Following demolition of the 1960s-era library at the street’s east end, the city constructed a civic plaza with interactive fountain and green open space known as the Great Lawn, designed for festivals.
Clematis saw a retail resurgence in the 1990s, when Gap, Loft and Banana Republic opened in turn-of-the-century storefronts and then-developer Donald Trump in 1999 told People it was “the hottest street in Florida.”
However, the opening of CityPlace a few blocks away in 2000 again sucked the retail life from the street, leaving a few century-old stalwarts such as Myers Luggage, which opened in 1924 and Pioneer Linens, founded in 1912. JC Harris, a men’s shop, closed in 2013 after 100 years.
In the 1980s, entrepreneur Rodney Mayo began turning the blighted west end of Clematis into the center of cool for alternative music lovers by opening Respectable Street Cafe, a concert venue, in an old Salvation Army. These days, those grown-up music lovers flock to Mayo’s five restaurants, some owned with partners, that line the 500 block, the street’s only block with historical designation.
In the ’90s and early 2000’s, Clematis was packed with nightclubs like Dr. Feelgood’s, whose loud bands clashed with the Boomer crowd buying the new downtown condos elevating the city’s skyline.
The clubs gave way to both chain and chef-run restaurants and bars, opening and closing as the street underwent periodic boom and bust cycles.
Recent history includes the new combination city hall and library opened on Clematis Street and the city’s Greenmarket at the street’s east end, which attracts large crowds on Saturday mornings from October through April.
Currently, the city is mulling ways to make Clematis Street and the rest of downtown shadier while getting people out of their cars and on foot or bikes.
While retail has never returned in a large scale, Clematis is again busy day and night with people attracted to an array of inventive restaurants tucked into century-old buildings, whose outdoor tables dot the crowded sidewalks.
“It’s a street that’s been through thick and thin over 13 decades,” said Gonzalez. “Clematis is the official phoenix. It’s always coming back.”
No matter how we pronounce it.
Built on a grid, named for nature: The downtown streets of West Palm Beach
When West Palm Beach was first platted, streets were laid out in a grid and named after flowers and trees in alphabetical order. Most of the streets’ namesakes are exotic tropicals which easily grow here.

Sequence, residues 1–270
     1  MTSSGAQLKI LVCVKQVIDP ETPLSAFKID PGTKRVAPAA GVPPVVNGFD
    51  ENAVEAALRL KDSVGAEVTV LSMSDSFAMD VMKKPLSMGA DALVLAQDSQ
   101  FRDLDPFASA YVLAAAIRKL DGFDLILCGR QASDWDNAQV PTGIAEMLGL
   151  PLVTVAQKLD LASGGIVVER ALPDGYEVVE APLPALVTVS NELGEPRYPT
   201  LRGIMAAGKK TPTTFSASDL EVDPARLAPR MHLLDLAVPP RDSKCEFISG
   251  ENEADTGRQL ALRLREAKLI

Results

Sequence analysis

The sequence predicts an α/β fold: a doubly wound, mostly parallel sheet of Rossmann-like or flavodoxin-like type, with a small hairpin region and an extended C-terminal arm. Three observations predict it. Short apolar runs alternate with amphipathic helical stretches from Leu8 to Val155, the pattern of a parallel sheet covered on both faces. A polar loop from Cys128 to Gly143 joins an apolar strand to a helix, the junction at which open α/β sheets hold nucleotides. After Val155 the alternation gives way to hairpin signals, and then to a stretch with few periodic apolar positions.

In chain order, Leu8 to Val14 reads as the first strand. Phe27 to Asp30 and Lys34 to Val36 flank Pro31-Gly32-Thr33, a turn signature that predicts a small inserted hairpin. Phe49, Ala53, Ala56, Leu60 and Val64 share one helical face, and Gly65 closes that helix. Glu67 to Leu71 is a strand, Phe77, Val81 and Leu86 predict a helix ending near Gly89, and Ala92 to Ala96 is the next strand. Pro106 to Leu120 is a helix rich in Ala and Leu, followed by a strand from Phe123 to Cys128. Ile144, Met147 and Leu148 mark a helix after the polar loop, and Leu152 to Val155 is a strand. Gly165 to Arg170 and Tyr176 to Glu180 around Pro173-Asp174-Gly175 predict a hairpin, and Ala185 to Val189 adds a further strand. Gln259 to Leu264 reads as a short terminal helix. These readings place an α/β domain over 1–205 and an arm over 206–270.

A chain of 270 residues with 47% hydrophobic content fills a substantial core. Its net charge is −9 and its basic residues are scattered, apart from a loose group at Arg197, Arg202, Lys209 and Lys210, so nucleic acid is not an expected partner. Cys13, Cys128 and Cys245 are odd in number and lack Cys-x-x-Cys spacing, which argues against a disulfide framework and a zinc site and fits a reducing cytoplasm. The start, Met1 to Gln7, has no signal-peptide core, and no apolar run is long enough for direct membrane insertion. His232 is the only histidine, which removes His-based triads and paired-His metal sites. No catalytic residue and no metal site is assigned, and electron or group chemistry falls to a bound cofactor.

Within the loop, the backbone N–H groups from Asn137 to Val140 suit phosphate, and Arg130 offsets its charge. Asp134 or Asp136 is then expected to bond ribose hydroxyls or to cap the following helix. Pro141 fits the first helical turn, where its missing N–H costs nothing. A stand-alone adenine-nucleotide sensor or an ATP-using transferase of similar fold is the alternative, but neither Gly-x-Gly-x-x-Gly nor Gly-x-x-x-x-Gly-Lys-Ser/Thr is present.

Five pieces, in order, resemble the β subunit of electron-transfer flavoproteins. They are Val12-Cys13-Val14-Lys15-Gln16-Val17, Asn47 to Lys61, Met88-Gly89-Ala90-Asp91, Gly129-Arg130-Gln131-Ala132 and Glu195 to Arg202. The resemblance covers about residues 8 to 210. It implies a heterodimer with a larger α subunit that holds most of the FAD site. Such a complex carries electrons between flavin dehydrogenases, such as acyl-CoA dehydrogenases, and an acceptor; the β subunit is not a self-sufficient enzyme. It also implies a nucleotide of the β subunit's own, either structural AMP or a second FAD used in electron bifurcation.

*Narcissus Avenue: Named for a daffodil, it must have been picked by pioneers nostalgic for northern flowers that don’t grow in the subtropics.
*Althea Street and Banyan Boulevard: Second Street was originally called Althea Street. Its name was changed when Banyan Street, known in the early 20th century for its seedy stretch of bars and brothels, was renamed in 1925 as First Street (which locals dubbed “Thirst Street.) The area was so notorious that in 1904 radical temperance crusader Carrie Nation brought her famous “holy axe” to Banyan Street. First Street was changed back to Banyan in the late 1980s, but Althea never regained its original moniker, named for a northern shrub called the Rose of Sharon.
Evernia Street: It’s named for a kind of tree lichen. From north to south, the city’s remaining flower streets are Clematis, Datura, Evernia, Fern, Gardenia, Hibiscus, Iris and Jessamine, which no longer exists, buried beneath the Kravis Center and CityPlace.
Clematis Street: At the east end of Clematis, the streets that run on either side of the Centennial Fountain and the Great Lawn once had names from the garden, too. Before Flagler Drive was constructed, North Clematis Street was known as Poinciana Street, and South Clematis was called Myrtle Street.
The north-south streets: They areNarcissus, Olive, Dixie (originally called Poinsettia), Rosemary, Sapodilla and Tamarind. There was no street whose name started with “Q,” until the 1990s, when the city built Quadrille Boulevard on what had been known as Railroad Way, naming it after an orchid grown by a West Palm Beach man.
— Barbara Marshall
Architect and historic preservationist Rick Gonzalez discusses history and architecture in conjunction with the Historical Society of Palm Beach County and the West Palm Beach Greenmarket.
IF YOU GO:
WHEN: Saturday morning tours; First and third Saturdays of each month through April, 10 a.m.
WHERE: Meet under the big banyan tree at 101 N. Clematis, on north side of West Palm Beach Greenmarket for 1.5-hour tour that ends at the Richard and Pat Johnson History Museum in the 1916 courthouse at 300 N. Dixie Highway.
WHEN: Friday tours: First Friday of each month through April at 4 p.m.
WHERE: Meet on second floor of 1916 Courthouse, 300 N. Dixie Highway, West Palm Beach; ends at Centennial fountain at east end of Clematis Street.
COST: All tours $10 per person, reservations required at hspbc.org or call 561.832.4164 ext. 2.